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00000179-c810-d4c2-a579-fdd2fe840003The 2018 Winter Olympics kick off Feb. 8 in Pyeongchang, South Korea, and over a dozen Olympians have ties to Vermont, with many more having trained or gone to school here.In fact, Vermont is tied for sixth among states sending the most Olympic athletes in Team USA this year (Colorado takes first, in case you were curious!)Meet The 2018 Vermont OlympiansTo help you keep track of local athletes as they compete in Pyeongchang, we've gathered their bios by team:Alpine Skiing | Biathlon | Bobsleigh & Luge | Cross-Country Skiing | Freestyle Skiing | Ice Hockey | Snowboard We'll be keeping track of the results every weekday morning on the Sports Report and on VPR's Facebook and Twitter accounts.Vermonter Mikaela Shiffrin at last year's Alpine Skiing World Championships. Her first event in Pyeongchang is scheduled for Monday, Feb. 12.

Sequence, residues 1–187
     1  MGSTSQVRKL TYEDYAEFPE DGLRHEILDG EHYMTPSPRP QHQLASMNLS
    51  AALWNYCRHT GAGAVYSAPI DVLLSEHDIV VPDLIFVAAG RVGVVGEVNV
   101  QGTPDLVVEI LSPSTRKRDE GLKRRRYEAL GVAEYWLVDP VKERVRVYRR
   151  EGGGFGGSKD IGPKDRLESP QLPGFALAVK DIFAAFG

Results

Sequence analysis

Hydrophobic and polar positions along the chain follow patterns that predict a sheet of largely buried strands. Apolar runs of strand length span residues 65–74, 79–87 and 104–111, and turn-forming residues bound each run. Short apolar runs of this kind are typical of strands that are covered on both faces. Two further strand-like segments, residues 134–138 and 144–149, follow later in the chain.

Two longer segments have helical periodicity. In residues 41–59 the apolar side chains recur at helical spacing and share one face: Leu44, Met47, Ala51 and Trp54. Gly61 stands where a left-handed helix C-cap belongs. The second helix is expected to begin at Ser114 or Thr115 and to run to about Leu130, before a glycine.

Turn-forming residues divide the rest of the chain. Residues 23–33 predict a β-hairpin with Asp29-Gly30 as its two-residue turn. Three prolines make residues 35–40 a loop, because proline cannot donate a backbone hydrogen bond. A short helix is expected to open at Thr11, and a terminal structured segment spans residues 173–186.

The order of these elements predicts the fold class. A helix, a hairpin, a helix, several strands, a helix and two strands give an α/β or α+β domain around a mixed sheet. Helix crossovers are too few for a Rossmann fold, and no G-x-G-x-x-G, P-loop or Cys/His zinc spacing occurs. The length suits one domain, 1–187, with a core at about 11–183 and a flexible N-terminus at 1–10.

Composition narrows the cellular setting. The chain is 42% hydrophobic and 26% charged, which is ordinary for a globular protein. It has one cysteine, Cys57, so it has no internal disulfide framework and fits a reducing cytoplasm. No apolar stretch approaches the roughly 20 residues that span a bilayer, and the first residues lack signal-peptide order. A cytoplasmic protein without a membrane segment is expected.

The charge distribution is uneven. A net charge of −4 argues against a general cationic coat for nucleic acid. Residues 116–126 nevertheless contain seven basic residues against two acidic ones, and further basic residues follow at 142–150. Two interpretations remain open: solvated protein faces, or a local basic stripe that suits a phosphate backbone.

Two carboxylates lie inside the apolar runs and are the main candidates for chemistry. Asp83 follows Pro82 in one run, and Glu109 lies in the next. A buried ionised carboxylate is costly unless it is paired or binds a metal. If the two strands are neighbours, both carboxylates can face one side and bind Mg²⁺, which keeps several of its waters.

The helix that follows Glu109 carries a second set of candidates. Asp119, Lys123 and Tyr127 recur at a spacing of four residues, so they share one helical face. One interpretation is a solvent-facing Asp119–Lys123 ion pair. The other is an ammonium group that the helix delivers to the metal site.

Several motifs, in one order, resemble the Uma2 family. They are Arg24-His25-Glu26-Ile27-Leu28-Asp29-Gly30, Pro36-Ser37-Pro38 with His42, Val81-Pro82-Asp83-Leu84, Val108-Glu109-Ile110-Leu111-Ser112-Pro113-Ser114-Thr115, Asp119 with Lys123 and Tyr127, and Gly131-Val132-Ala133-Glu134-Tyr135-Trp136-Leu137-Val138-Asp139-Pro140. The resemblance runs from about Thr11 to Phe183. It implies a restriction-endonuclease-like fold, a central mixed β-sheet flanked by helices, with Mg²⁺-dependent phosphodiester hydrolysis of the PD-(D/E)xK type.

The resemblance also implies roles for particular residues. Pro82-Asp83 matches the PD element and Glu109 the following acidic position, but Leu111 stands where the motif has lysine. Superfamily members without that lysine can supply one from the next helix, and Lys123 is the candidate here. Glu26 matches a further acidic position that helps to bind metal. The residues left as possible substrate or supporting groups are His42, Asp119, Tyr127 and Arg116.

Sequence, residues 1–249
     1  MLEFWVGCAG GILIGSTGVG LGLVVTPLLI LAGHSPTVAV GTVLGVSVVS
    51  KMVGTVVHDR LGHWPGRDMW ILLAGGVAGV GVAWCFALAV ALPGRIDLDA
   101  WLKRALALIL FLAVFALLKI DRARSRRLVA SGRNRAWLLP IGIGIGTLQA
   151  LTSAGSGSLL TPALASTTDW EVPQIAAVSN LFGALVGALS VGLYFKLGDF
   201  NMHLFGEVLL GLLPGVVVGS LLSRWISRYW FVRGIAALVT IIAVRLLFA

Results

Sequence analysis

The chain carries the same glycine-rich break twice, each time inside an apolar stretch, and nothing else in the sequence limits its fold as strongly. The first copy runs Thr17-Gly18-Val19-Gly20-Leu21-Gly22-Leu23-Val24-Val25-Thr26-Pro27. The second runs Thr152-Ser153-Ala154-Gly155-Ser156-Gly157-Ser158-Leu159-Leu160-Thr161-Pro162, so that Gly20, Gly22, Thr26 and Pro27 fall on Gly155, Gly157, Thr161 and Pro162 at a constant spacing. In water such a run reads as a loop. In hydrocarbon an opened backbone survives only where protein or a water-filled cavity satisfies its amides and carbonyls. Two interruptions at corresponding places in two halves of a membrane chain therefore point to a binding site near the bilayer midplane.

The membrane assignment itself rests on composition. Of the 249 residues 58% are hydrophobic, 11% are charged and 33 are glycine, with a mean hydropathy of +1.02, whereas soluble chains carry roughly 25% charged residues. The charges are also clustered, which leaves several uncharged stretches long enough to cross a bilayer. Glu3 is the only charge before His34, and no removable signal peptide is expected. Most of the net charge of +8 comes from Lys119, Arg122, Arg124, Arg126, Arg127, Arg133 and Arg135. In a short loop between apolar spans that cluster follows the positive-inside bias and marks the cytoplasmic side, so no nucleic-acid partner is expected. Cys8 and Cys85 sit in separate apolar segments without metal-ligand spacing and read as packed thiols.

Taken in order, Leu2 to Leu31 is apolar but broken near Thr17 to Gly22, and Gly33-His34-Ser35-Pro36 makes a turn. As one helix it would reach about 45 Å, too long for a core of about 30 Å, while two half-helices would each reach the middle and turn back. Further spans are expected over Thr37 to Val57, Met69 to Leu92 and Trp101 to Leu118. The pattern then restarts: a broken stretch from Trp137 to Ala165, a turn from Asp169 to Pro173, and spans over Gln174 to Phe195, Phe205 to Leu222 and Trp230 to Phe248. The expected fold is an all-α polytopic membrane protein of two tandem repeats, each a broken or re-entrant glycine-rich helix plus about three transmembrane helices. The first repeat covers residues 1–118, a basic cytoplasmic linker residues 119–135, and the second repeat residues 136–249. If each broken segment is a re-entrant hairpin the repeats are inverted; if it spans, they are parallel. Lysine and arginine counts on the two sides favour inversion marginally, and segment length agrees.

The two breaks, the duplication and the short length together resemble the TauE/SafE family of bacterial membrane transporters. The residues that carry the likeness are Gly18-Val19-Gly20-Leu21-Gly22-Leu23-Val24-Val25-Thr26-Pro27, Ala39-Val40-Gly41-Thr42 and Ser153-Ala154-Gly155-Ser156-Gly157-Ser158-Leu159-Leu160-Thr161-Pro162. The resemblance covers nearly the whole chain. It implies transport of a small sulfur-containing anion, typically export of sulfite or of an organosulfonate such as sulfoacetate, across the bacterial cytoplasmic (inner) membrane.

One Small Town, Many Athletes: How Norwich Excels At Producing Olympians

Hannah Kearney of Norwich won a gold medal in the 2010 Winter Olympic and a bronze in 2014.
Bela Szandelszky
/
AP
Hannah Kearney of Norwich won a gold medal in the 2010 Winter Olympic and a bronze in 2014.

As the Winter Olympics begin this week in Pyeongchang, South Korea, the U.S. team — as usual — will have a significant contingent of Vermonters. It's easy to forget how many world-class winter athletes live in the state. And many of them come from a single Vermont town.

Norwich, an Upper Valley town in Windsor County of about 3,000 people, has produced 11 Olympians, at least one in every winter games since 1984.

Karen Crouse is a New York Times sports reporter and the author of a new book looking at the Norwich Olympic phenomenon, called Norwich: One Tiny Vermont Town's Secret to Happiness and Excellence.

She sat down with Vermont Edition to talk about the book.

Broadcast Tuesday, Feb. 6, 2018 at noon; rebroadcast at 7 p.m.